The Future of Red Wine Labeling

The health benefits of a daily glass of red wine are well established, and scientists generally agree that it’s a compound called resveratrol found in red wines that is responsible for the positive effects. Red wine has been shown to protect against a number of diseases, including Parkinson’s, cancer and heart disease; it has even been shown to play a role in extending lifespan. Now, a UK scientist is trying to quantify the differences between individual wines:

But Dr Richard Hoffman, of the University of Hertfordshire, says that while the health-giving properties of resveratrol have been well studied, no-one has systematically measured its levels in different brands. “As a result, they assume that all red wines are the same, but this is certainly not the case as the levels of resveratrol vary,” he says. Dr Hoffman’s team is comparing the levels of resveratrol in a random selection of red wines using liquid chromatography techniques to separate and collect the compounds in them. [From How Saintly is Your Shiraz?]

The objective of the research is to help persuade wine makers to include health benefit information on their labels. Hoffman would like supermarket shoppers to see how much resveratrol they are getting in each wine at a glance, allowing them to make more informed decisions on which wines offer the maximum health benefits.

It’s an interesting idea, but mandating labeling changes for wines is bound to be an arduous political process. Also, one wonders if we know enough to advise consumers on what a particular level of resveratrol means. Is more always better? Or is there a threshold that, if met, provides a maximum level of protection? Labeling issues aside, it should be interesting to see the results of the research and find out what differences exist between varietals and/or brands.

5 thoughts on “The Future of Red Wine Labeling”

  1. Please be aware that the labeling of wine bottles really is for marketing purposes and serves no real use to a humans health. The fact is that wine has very little Resveratrol, and there is a study that was done on humans using 25mg, which is about 20-25 glasses of wine.

    Where the resveratrol simply got flushed away in the persons urine, and only traces were found in the plasma.

    Here is the study:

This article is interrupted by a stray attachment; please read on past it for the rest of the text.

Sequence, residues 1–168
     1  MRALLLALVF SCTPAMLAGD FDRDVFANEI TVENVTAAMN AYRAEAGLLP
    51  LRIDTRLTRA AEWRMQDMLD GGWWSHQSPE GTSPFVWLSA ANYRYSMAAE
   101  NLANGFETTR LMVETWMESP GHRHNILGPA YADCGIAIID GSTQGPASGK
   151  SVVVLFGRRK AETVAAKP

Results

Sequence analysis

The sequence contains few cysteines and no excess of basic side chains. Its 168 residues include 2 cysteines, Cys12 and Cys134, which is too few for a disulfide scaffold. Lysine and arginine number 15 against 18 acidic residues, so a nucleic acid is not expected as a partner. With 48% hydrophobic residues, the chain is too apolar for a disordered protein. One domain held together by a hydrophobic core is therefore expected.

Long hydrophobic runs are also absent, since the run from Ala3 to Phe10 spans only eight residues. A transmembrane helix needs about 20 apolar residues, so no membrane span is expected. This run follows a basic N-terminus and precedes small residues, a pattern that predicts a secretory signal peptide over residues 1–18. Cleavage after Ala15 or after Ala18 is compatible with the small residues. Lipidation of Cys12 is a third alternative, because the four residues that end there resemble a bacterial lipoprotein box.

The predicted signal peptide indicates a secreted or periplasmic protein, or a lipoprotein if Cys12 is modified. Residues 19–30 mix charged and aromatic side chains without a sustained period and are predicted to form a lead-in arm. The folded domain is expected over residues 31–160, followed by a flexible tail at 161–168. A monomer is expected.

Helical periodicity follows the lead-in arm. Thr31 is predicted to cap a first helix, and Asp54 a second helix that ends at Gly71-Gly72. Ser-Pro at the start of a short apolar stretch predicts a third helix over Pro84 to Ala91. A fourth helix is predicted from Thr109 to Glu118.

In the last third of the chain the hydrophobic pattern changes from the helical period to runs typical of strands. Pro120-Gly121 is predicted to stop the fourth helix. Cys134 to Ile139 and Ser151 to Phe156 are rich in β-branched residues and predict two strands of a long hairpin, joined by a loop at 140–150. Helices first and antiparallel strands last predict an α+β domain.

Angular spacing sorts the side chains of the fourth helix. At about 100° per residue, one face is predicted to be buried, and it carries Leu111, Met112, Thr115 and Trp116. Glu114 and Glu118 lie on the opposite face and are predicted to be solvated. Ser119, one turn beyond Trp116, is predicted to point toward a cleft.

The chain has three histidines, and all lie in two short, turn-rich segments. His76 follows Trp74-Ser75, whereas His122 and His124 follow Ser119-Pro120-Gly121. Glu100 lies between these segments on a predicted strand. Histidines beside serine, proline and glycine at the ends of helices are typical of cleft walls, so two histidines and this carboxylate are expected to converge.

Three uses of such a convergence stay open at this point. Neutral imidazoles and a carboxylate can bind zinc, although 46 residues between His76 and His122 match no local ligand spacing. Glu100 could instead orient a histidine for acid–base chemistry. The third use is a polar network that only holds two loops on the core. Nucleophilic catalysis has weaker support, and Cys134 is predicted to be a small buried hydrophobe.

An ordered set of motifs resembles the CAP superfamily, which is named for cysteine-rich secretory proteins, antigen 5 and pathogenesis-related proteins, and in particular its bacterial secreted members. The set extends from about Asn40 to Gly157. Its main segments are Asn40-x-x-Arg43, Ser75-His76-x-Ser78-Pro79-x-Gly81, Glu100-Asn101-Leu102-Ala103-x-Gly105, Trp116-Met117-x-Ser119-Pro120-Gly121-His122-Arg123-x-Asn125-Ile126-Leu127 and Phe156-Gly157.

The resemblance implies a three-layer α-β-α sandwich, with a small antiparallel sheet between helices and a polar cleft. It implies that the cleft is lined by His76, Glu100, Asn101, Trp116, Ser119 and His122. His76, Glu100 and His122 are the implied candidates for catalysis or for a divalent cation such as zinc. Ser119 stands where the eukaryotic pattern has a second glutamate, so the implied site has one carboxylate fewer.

You really need a large dose 350mg, 500mg or more per day to get significant Resveratrol in a humans blood, and wine simply won’t do that.

    You simply need a supplement.

    Anthony Loera

  2. Interesting, Anthony. I think some of the tests showing the benefits of wine had nothing to do with resveratrol – they just found that moderate consumers of red wine had better outcomes. Perhaps the real question is whether resveratrol is the key factor in wine health benefits.

  3. Roger,

    I am not sure you can rule it out. Why don’t you go to this ‘google scholar’ webpage or the following one below and click on the link buttons.

    It will show you hundreds of different studies associated with resveratrol from universities, and other institutions. These don’t come from advertisements, marketing, or supplement companies. The studies are from scientists interested in how Resveratrol works.

    I am talking strictly about resveratrol and how it should be taken, as the article states that resveratrol labeling is being considered.

    You are aimply saying that wine benefits have nothing to do with resveratrol, which is a different argument altogether regarding health and not about the article.

    Who has the proof that wine has any health benefits at all at this point?

  4. Roger

    Good point. I found this series of articles promoting a new “Wine Diet” book out of England to be really interesting –

    The author claims that you should look for wines high in procyanidin. This article has me drinking more high altitude wine from South America, which have aged for a while, versus the new school wines from the US. Unfortunately, none of these come in a box just yet…..

  5. Anthony, I’m not saying that resveratrol has no effect as a component of wine, but that if you are correct about its low concentration then perhaps other factors are at work in addition to or in conjunction with resveratrol. From the Mayo Clinic:
    “How does alcohol help the heart?
    Various studies have indicated that moderate amounts of all types of alcohol benefit your heart, not just alcohol found in red wine. Some heart-healthy benefits of alcohol include:

    – Raises high-density lipoprotein (HDL) cholesterol, the “good” cholesterol
    – Lowers blood pressure
    – Inhibits the formation of blood clots
    – Helps prevent artery damage caused by high levels of low-density lipoprotein (LDL) cholesterol, the “bad” cholesterol

    Is red wine better?
    Red wine in particular seems to have even more heart-health benefits than other types of alcohol, according to a large Danish study from 2000. The study, known as the Copenhagen City Heart Study, found that those who drank red wine had about half the risk of dying of heart disease as those who didn’t. (From Red wine and resveratrol: Good for your heart?)

    Red wine ‘protects from colds’

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